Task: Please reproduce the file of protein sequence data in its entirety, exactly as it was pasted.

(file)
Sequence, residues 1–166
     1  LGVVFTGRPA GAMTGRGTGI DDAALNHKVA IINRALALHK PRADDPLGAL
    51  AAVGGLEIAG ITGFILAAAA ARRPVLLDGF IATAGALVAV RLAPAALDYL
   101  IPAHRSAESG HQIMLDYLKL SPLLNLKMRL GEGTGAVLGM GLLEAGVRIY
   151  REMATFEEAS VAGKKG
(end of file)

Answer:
Sequence, residues 1–166
     1  LGVVFTGRPA GAMTGRGTGI DDAALNHKVA IINRALALHK PRADDPLGAL
    51  AAVGGLEIAG ITGFILAAAA ARRPVLLDGF IATAGALVAV RLAPAALDYL
   101  IPAHRSAESG HQIMLDYLKL SPLLNLKMRL GEGTGAVLGM GLLEAGVRIY
   151  REMATFEEAS VAGKKG